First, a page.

<?PHP function compare_fullname($a, $b) { // sort by last name $retval = strnatcmp($a['lastname'], $b['lastname']); // if last names are identical, sort by first name if(!$retval) $retval = strnatcmp($a['firstname'], $b['firstname']); return $retval; } // sort alphabetically by firstname and lastname usort($data, __NAMESPACE__ . '\compare_fullname'); ?>

Finally, the result we wanted:


This function works because it first compares the last names, and only if they are identical will it compare the first names to work out the correct order.

You can extend this function to use more variables by inserting more conditions every time $retval has a zero value.

Calling from a class

If you are trying to sort using a function inside a class, you can't just pass the comparison function as '$this->compare_fullname', but instead need to include either the object or the class name in the call to usort. Here's an example:

<?PHP class ClassName { public $data = [ ... ]; public function compare_fullname($a, $b) { $retval = strnatcmp($a['lastname'], $b['lastname']); if(!$retval) return strnatcmp($a['firstname'], $b['firstname']); return $retval; } public function doStuff() { // apply sort function from INSIDE class usort($this->data, [$this, 'compare_fullname']); } } // apply sort function from OUTSIDE class $myObject = new ClassName(); usort($myObject->data, ["ClassName", 'compare_fullname']); ?>

From inside the class $this refers to both the object as well as the class and all associated functions. From outside we can't use $this so have to refer to the class by name.

Using an 'anonymous' function

This is where it starts to get interesting. You can create an anonymous function based on information gathered at run time. This allows for greater flexibility, without too much extra coding.

<?PHP function makeSortFunction($field) { $code = "return strnatcmp(\$a['$field'], \$b['$field']);"; return create_function('$a,$b', $code); } $compare = makeSortFunction('age'); usort($data, $compare); ?>

The call can then be shortened to:

<?PHP usort($data, makeSortFunction('age')); ?>

Finally, you can wrap it all into a single function as shown below. Now the code's starting to look more 'readable' which is a good sign:

<?PHP function orderBy($data, $field) { $code = "return strnatcmp(\$a['$field'], \$b['$field']);"; usort($data, create_function('$a,$b', $code)); return $data; } $sorted_data = orderBy($data, 'age'); ?>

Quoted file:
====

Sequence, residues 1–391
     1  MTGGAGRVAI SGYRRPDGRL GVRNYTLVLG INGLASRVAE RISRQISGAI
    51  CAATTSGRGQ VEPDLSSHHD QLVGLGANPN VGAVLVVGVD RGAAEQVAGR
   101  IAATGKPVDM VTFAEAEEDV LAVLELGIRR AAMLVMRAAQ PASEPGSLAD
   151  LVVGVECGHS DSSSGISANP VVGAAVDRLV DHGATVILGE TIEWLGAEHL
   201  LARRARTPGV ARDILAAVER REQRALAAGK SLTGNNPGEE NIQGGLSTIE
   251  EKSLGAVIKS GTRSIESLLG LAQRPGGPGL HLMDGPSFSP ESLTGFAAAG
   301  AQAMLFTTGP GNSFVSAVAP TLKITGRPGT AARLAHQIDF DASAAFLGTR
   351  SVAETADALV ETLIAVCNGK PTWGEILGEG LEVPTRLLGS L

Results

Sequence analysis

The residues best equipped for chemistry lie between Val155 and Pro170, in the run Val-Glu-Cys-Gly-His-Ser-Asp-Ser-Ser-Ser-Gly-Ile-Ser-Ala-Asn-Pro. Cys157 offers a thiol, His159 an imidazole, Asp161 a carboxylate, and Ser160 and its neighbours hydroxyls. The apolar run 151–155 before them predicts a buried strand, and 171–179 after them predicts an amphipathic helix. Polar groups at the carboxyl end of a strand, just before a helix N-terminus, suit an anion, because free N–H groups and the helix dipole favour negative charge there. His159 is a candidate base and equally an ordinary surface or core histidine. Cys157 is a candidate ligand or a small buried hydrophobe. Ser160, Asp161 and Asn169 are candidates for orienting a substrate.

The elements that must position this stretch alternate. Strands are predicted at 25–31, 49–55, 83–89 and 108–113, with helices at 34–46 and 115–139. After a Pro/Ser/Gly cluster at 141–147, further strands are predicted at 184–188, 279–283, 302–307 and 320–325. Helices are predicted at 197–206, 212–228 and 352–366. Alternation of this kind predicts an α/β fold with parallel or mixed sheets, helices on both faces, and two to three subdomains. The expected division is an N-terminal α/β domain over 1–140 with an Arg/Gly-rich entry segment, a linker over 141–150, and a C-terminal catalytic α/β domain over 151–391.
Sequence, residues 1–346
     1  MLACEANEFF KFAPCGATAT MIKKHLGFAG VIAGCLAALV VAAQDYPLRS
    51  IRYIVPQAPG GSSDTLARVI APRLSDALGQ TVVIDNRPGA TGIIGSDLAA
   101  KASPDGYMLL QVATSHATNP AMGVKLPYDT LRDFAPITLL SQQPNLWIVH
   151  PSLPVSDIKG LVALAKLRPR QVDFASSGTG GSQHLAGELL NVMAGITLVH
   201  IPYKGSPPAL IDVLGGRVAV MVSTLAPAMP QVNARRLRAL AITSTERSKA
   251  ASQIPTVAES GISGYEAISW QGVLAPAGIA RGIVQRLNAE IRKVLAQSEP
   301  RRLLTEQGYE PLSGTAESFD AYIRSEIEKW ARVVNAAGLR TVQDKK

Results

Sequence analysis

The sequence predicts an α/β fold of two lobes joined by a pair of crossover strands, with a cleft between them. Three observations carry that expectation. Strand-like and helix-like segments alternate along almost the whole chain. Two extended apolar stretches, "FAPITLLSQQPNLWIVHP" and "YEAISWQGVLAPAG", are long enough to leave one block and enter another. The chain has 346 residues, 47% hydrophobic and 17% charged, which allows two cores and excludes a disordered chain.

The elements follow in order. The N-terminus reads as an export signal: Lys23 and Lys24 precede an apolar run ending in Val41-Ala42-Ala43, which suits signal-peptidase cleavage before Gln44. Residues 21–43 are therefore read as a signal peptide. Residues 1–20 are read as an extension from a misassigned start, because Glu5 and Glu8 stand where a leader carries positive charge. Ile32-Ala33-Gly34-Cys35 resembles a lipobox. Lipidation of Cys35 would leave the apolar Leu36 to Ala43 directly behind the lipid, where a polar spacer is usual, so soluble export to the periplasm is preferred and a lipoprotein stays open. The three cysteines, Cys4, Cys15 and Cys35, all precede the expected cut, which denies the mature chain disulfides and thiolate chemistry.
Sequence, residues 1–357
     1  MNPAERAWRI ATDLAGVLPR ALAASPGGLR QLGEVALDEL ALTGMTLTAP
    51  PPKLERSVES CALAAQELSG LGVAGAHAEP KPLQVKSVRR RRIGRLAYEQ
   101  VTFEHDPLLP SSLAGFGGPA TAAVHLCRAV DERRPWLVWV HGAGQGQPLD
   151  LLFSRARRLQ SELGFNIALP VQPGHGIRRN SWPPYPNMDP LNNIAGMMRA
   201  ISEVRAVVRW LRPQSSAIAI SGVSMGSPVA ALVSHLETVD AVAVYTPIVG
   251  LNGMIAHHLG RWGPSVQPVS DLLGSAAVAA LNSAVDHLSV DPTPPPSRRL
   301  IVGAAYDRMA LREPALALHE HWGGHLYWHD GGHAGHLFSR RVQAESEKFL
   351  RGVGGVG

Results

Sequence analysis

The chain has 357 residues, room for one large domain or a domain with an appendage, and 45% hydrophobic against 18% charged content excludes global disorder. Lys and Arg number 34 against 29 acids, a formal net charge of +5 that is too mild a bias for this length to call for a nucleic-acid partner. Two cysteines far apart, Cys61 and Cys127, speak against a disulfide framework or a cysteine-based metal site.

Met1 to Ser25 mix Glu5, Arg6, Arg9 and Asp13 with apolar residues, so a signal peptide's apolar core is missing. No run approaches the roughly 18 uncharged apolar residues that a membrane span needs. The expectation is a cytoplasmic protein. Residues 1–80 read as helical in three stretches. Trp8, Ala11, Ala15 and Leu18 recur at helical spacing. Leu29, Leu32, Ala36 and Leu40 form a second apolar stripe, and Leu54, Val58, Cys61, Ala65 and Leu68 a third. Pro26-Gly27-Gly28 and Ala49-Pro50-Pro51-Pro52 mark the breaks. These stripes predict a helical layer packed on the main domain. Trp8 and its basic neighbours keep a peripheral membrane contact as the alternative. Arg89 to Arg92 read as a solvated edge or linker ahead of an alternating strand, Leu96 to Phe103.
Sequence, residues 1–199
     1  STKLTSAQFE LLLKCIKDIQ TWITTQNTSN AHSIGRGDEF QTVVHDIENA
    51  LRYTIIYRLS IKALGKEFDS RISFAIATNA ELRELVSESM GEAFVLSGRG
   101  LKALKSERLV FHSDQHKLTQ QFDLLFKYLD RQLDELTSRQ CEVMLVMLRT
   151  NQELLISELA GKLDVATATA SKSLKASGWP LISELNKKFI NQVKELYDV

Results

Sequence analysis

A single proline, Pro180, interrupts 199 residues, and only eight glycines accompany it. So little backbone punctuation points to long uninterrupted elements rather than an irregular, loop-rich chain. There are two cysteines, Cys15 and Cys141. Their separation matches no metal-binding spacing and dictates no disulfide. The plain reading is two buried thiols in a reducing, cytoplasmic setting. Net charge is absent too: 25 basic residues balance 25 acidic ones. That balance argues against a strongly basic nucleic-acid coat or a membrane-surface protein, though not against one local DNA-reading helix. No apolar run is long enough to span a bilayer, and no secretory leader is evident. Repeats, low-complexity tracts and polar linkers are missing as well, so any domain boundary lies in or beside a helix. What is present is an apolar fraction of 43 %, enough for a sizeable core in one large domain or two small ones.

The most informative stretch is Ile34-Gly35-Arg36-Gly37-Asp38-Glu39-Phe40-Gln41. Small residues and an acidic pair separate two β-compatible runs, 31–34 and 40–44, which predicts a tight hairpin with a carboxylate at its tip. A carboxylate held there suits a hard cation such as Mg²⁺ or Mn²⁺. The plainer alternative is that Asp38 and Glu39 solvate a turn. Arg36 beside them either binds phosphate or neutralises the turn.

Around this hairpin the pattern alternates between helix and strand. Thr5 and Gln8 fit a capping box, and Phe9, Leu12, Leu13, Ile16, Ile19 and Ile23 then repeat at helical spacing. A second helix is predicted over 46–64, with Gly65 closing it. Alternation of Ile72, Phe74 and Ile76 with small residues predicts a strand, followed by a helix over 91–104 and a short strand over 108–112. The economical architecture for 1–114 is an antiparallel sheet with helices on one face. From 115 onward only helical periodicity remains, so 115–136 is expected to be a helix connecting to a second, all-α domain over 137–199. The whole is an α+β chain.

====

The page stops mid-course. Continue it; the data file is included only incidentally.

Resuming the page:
We now have a simple generic function that can be used to sort any associative array on a single scalar attribute.

Using 'pass by reference'

We can also pass the $data variable by reference and no longer worry about returning a value from the function. This is how built-in functions such as usort work (see the link below for more details from the PHP website).

<?PHP function orderBy(&$data, $field) { $code = "return strnatcmp(\$a['$field'], \$b['$field']);"; usort($data, create_function('$a,$b', $code)); } orderBy($data, 'age'); ?>

Simply adding the & to the function definition means that instead of passing a copy of $data to the function, a reference or pointer is passed. That means that any manipulation of the array within the function will also apply outside the function so no return command is required.

The function is otherwise equivalent to the 'pass by value' version.

create_function is deprecated

As of PHP 8 you can no longer use create_function so the previous code needs to be updated as follows:

<?PHP function orderBy($data, $field) { usort($data, function($a, $b) use ($field) { return strnatcmp($a[$field], $b[$field]); }); return $data; } ?>

And similarly for the 'pass by reference' version. Note that the keyword use in this code brings the $field variable into the scope of the anonymous function.

Sorting based on a list of values

There are situations where it's not possible to use a numeric or alphabet-based sort routine. Suppose that you have the following data to present on a website:

[0]Mary JohnsonSecretary
[1]Amanda MillerMember
[2]James BrownMember
[3]Patricia WilliamsMember
[4]Michael DavisPresident
[5]Sarah MillerVice-President